Take the essay, Of Truth. It contains several ideas which immediately appeal to the reader because of their obvious truth to human nature. The reader quickly responds to such ideas because he at once recognises their validity. For instance, Bacon here tells us that human beings are generally attracted by lies. Lies told by poets in their poetry please the imagination; lies told by traders bring them financial gain; but why people should tell lies for the sake of lies is not clear. Bacon then goes on to say that truth gives greater pleasure when a lie has been added to it. If a man were to be deprived of his false opinions, false hopes, and false judgments, he would feel miserable.
Having expressed these views, Bacon speaks like a moralist and says that much harm is done by lies which sink into the mind and settle down there. Truth is the supreme good for human beings, he says. He quotes Lucretius who said that the greatest pleasure for a man was the realisation of truth. Continuing this moralising tone, Bacon says that truth is important not only in theological and philosophical fields, but also in the sphere of ordinary daily life. Falsehood, he says, brings nothing but disgrace. Now such ideas are bound to appeal even to a reader who, in his actual dealings, does not give a high place to truth.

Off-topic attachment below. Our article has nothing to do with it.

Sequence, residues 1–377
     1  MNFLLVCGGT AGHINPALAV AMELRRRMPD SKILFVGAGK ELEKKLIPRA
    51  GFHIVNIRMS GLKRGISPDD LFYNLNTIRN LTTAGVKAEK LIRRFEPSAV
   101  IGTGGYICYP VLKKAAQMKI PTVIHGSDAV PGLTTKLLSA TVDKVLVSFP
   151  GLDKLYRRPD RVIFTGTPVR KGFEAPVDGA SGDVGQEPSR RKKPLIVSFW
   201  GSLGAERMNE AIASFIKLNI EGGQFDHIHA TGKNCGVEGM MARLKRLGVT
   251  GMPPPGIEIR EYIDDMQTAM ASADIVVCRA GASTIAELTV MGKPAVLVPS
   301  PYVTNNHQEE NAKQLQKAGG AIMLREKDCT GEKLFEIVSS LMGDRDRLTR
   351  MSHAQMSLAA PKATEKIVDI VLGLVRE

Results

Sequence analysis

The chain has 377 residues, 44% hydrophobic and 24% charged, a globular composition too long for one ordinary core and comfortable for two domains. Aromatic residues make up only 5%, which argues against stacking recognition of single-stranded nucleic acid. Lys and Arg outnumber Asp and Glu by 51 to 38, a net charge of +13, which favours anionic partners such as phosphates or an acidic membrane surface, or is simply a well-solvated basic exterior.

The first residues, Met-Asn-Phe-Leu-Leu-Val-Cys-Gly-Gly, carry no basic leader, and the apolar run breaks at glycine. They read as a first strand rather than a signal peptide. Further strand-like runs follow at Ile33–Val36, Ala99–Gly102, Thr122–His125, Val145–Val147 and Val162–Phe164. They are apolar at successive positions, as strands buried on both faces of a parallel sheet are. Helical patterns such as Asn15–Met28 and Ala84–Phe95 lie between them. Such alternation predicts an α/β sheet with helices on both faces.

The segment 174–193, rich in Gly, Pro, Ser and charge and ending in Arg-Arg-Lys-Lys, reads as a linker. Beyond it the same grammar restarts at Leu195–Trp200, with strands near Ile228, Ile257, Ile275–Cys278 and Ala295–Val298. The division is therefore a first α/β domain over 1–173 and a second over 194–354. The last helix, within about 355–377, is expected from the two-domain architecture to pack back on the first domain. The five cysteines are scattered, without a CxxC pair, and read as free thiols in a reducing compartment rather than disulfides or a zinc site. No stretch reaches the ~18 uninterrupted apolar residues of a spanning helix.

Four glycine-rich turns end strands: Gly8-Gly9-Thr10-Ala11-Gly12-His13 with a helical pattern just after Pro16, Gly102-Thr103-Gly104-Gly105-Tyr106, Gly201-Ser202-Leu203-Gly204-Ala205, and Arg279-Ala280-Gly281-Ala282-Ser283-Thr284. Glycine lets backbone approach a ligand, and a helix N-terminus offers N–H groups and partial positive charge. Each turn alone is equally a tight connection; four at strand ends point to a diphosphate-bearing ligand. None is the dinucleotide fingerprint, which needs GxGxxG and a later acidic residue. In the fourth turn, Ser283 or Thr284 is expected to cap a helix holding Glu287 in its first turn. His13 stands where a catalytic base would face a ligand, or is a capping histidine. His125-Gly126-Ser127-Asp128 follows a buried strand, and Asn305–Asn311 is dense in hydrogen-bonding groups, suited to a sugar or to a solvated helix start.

Then there is the essay, Of Friendship. Who would not be interested in this subject? Bacon tells us some of the uses of friendship, illustrating his ideas with historical references to Sulla, Julius Caesar; Augustus Caesar, Tiberius Caesar, and Septimius Severus. He utters a psychological truth when he says that a man’s joy is greatly increased when he speaks about it to a friend and that his grief is greatly diminished when he imparts it to a friend. This essay also contains useful advice. For instance, Bacon asks us not to take counsel “by pieces” from all and sundry but to take it only from a friend who has been found to be sincere. An essay on the subject of friendship is bound to come home to men’s bosoms especially because the ideas expressed by Bacon confirm the reader’s own ideas on this subject.
The essay, Of Great Place, does not have the same popular appeal as the two essays mentioned above, Of Great Place appeals chiefly to men in high places. It is very useful for persons of this category. Bacon offers very sound advice to those occupying high positions, and warms them against the chief vices of authority. Here, too, Bacon lends weight to his argument with reference to two Roman emperors—Galba and Vespasian. Bacon gives advice that is practical when he says that a man may take side when he is still struggling to rise but that, having risen to a high position, he should become neutral. This essay, too, throws much light on human nature whereby it greatly adds to our knowledge. Here, again, Bacon appears as a moralist.